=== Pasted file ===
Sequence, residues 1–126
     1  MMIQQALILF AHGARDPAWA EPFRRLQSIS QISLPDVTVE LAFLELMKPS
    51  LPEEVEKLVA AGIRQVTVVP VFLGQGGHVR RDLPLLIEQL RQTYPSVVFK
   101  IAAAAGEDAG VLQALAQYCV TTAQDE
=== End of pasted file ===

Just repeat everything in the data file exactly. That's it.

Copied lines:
Sequence, residues 1–126
     1  MMIQQALILF AHGARDPAWA EPFRRLQSIS QISLPDVTVE LAFLELMKPS
    51  LPEEVEKLVA AGIRQVTVVP VFLGQGGHVR RDLPLLIEQL RQTYPSVVFK
   101  IAAAAGEDAG VLQALAQYCV TTAQDE